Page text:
From The Reporter's Notebook
Preet Bharara, the U.S. Attorney for the Southern District of New York, told reporters on Wednesday that President-elect Donald Trump met with him to ask if Bharara would stay on in that role during his administration. As TPM's Esme Cribb reported, Bharara has made white collar crime a main focus of his tenure since his 2009 appointment. He once described corruption in New York politics as "downright pervasive," and said it felt like a scene from the movie "Groundhog Day" every time a New York politician was arrested. He has pursued corruption cases against several New York state politicians, including former New York Assembly Speaker Sheldon Silver (D), who was convicted last year of trading political favors for $4 million in kickbacks and bribes.
Agree or Disagree?
Josh Marshall: "Many Republicans can see the political danger of touching Medicare. No one campaigned on this in 2016. Support for phasing out Medicare and replacing it with private insurance and vouchers is minimal outside libertarians and conservative ideologues. That's why word play about 'reform' and averting 'bankruptcy' and 'saving Medicare' are the catch phrases. If anyone said, 'We have an idea to have seniors get private insurance instead of Medicare and a check from the government to pay part of the cost' they'd be laughed out of whatever room they were in. What's most salient is that it is toxic within the coalition around which Donald Trump has at least temporarily remade the GOP."
"Brilliant! Divestiture is good for you, very good for America!"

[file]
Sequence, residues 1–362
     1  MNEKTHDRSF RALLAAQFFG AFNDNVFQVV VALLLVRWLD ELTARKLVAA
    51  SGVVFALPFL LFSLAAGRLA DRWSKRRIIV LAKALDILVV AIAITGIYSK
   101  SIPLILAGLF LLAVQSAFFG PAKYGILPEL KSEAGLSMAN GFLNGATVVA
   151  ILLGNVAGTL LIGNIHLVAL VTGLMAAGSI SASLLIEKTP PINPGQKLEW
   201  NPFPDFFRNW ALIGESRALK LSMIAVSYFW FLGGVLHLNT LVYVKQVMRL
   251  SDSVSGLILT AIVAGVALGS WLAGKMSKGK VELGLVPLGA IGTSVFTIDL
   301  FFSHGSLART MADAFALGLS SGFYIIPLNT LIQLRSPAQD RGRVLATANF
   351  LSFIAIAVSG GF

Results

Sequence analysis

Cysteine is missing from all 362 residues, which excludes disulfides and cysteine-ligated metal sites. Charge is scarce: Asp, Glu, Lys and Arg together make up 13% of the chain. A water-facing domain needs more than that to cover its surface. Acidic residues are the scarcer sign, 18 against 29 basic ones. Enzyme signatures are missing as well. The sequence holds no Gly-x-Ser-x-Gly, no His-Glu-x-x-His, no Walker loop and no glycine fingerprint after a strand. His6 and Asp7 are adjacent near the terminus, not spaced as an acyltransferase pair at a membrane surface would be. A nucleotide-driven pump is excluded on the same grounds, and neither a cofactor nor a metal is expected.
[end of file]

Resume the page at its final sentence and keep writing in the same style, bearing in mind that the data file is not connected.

- The Office of Government Ethics took to Twitter to give Trump some very pointed advice about reconciling his business conflicts.
BUZZING: Today in the Hive
From a TPM Prime member: "Then came the Great Recession. People we knew and worked with and whose kids played with our kids fell into the hole and lost their homes to foreclosure. Family members teetered on the brink or went over the edge because some greedy bastards somewhere wanted even more when the rest of us were already four paychecks away from crisis. Insecurity breeds fear. This election was a reaction to that fear and a rejection of business as usual. We've been starved as a society and we're retracting into ourselves for own little separate peace. It's a failure thirty-five years in the making and it will take time before we view America as our society worth growing with rather than receding from."
Related: Some Senate Democrats were harshly critical of Donald Trump’s pick for treasury secretary, the latest in a line of financial elites tapped for his cabinet.
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What We're Reading
Confessions of an Instagram influencer. (Bloomberg)
Starting next year, Trump can send unblockable mass text messages to the entire nation. (New York Magazine)